In documentary footage of Osmose, the effects of this ‘psychically innovating’ experience is evident on the faces of people taking off their head-mounted displays at the end of their immersive experience. The common facial denominator is wide-eyed dreamlike wonder, some are moved close to tears. Most of them are almost speechless after the experience, those who could string a few words together beyond ‘wow, that was amazing’ compare the experience to meditation or to a religious experience. The phenomenological experience of the work appears to induce a contemplative meditative state which blurs the boundaries between inner/outer and mind/body. “The experience of seeing and floating through things, along with the work’s reliance on breath and balance as well as on solitary immersion, causes many participants to relinquish desire for active ‘doing’ in favour of contemplative ‘being’” (Char Davies, “Changing Space: Virtual Reality as an Arena of Being” in The Virtual Dimension: Architecture, Representation and Crash Culture, ed. John Beckman, Boston: Princeton Architectural Press, 1998).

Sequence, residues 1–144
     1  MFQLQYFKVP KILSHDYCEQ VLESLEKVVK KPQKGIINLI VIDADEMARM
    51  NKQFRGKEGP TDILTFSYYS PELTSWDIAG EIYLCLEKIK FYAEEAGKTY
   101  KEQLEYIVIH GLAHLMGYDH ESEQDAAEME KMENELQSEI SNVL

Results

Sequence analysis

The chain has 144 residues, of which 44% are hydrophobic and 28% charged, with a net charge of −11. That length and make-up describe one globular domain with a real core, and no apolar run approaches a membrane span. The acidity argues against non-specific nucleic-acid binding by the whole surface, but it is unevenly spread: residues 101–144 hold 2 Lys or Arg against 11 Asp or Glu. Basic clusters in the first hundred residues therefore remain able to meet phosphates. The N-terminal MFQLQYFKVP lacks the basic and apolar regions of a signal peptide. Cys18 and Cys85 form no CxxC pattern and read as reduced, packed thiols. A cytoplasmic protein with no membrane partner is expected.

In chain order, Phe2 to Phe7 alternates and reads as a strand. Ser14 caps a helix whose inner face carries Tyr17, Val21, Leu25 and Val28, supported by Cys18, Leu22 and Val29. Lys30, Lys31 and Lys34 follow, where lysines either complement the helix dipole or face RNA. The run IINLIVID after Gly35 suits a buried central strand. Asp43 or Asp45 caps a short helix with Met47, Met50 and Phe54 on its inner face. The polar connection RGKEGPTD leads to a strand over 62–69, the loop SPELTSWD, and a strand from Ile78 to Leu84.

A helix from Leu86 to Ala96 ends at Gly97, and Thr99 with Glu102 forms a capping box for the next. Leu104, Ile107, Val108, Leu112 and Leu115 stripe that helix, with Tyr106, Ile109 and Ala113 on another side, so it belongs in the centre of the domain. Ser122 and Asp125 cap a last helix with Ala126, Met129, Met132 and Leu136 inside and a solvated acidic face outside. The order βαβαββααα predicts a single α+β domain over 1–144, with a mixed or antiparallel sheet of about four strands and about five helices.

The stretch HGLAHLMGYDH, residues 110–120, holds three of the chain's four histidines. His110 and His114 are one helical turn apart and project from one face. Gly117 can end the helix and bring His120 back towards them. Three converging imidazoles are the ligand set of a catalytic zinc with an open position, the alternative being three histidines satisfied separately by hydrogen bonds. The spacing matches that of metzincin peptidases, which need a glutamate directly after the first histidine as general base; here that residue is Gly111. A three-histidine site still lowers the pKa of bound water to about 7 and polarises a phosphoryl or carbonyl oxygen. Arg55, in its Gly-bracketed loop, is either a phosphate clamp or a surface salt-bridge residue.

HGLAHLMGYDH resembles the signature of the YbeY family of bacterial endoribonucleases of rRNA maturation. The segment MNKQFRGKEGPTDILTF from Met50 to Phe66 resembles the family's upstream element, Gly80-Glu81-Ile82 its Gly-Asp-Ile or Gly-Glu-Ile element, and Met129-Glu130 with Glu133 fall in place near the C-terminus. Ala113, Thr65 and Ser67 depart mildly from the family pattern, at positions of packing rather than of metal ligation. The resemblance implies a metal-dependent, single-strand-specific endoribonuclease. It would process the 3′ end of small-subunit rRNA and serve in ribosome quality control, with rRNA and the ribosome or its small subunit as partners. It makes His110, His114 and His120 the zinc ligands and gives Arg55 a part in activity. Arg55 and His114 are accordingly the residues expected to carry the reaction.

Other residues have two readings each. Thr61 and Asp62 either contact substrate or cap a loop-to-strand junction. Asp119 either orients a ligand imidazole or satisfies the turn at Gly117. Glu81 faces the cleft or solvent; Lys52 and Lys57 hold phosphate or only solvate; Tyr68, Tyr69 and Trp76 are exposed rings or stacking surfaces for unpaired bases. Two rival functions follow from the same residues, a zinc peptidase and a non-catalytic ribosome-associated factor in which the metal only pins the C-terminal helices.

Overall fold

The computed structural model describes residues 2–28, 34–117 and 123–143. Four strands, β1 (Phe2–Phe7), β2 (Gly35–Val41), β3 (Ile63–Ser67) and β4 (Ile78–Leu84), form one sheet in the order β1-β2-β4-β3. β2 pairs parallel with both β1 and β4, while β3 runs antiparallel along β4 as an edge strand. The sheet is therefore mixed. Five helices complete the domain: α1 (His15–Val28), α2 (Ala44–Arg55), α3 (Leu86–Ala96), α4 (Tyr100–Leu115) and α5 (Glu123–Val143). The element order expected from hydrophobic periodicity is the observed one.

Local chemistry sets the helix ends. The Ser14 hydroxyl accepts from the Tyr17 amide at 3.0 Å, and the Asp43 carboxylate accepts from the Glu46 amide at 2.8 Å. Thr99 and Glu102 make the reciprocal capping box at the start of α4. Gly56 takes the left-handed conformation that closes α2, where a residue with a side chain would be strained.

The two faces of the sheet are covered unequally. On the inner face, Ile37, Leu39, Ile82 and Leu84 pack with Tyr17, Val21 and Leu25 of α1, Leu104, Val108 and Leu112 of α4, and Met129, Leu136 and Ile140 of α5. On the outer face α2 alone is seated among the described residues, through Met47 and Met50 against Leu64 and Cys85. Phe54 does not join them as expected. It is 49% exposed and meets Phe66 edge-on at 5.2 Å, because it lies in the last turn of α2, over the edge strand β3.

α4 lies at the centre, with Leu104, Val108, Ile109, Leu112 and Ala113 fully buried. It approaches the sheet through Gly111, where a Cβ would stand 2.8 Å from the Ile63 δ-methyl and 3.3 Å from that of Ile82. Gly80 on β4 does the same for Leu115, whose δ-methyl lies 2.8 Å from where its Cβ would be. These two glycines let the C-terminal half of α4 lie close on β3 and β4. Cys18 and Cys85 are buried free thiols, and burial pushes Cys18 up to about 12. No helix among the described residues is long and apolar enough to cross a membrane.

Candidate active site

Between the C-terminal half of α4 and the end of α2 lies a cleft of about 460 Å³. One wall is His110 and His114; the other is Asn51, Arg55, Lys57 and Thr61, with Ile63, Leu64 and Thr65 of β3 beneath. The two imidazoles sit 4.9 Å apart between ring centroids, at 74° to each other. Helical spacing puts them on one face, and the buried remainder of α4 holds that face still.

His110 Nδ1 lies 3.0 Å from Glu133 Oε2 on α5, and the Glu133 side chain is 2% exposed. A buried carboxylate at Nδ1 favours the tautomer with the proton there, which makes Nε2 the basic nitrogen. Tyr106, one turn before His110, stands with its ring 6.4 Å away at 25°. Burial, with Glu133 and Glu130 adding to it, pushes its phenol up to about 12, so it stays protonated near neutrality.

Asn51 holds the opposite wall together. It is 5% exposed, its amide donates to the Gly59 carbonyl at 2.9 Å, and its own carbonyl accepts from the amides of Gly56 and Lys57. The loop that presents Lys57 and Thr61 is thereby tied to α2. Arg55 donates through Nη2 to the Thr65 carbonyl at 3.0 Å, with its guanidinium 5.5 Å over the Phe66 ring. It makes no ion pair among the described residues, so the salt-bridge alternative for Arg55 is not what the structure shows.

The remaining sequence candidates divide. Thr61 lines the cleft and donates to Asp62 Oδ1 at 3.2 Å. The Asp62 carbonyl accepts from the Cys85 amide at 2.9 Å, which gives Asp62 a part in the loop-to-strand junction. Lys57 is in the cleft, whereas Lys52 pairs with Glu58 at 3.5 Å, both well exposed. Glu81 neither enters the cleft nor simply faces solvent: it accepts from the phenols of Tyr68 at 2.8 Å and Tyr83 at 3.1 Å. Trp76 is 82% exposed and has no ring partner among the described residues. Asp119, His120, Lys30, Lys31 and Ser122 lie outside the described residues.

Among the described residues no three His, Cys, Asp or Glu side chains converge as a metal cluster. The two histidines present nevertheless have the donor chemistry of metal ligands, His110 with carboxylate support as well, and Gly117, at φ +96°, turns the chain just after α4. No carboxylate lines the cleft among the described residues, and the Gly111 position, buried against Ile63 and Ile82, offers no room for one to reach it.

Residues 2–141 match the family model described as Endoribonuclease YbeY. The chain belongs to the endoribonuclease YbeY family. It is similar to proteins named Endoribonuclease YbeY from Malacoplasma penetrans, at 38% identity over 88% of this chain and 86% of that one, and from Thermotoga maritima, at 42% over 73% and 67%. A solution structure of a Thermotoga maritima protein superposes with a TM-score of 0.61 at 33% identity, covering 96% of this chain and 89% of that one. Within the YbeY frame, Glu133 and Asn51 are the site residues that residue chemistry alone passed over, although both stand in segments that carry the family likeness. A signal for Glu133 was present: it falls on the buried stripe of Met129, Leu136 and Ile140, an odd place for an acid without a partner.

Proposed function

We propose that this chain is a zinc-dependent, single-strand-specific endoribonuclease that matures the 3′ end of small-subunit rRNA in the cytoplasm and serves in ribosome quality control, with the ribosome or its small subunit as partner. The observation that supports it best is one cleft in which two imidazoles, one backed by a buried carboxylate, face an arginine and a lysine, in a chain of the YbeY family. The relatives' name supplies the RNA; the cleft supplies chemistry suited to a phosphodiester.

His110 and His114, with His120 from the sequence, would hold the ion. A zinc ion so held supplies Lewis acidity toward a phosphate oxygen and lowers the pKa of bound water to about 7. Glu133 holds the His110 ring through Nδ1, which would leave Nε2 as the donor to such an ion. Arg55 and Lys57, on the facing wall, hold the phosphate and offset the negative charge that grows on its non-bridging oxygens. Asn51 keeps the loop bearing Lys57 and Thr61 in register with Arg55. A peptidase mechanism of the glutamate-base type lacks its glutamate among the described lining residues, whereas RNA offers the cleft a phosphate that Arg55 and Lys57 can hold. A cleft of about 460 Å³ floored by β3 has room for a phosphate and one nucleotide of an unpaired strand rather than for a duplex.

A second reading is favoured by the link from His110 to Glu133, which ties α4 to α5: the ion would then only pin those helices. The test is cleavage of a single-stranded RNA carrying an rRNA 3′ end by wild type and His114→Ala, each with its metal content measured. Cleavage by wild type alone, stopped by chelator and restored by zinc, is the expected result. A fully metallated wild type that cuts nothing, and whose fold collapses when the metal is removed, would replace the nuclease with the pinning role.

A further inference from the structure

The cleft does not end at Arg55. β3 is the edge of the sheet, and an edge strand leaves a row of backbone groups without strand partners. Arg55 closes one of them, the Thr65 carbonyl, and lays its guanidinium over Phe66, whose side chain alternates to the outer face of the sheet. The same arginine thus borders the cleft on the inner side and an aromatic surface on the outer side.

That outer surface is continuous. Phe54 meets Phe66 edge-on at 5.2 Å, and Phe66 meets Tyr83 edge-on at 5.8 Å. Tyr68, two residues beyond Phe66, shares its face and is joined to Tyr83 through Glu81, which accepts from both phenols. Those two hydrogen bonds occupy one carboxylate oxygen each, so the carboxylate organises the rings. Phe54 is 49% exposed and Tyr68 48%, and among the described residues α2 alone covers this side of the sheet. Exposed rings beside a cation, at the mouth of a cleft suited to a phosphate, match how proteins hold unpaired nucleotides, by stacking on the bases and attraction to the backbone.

The introduction via the means of virtual reality of new experiential spaces opens up the possibility not only of new experiences but new modes of experience with the potential to change human nature itself. Comments Davies, “Such environments can provide a new kind of ‘place’ through which our minds may float among three-dimensionally extended forms in a paradoxical combination of the ephemerally immaterial with what is perceived and bodily felt to be real” (ibid). Although science fiction literature and film has started to sketch out this terrain, in the real world we are just starting to glimpse some of the possibilities of these new technologies. Exactly what the long-term ramifications of this will be for human nature is a topic that will be of increasing importance as we move into the virtual reality domains of the 21st century.

Char Davies’ visit to Australia in June-July 1999 was hosted by Cyber Dreaming, an Aboriginal multimedia production company based in Queensland. In Sydney, dLux media arts presented Davies’ keynote address at Flashpoint 99 architecture and design conference, University of NSW, July 12. More information about Char Davies’ work can be found at http://www.immersence.com/

RealTime issue #34 Dec-Jan 1999 pg. 14

© Kathy Cleland; for permission to reproduce apply to realtime@realtimearts.net

1 December 1999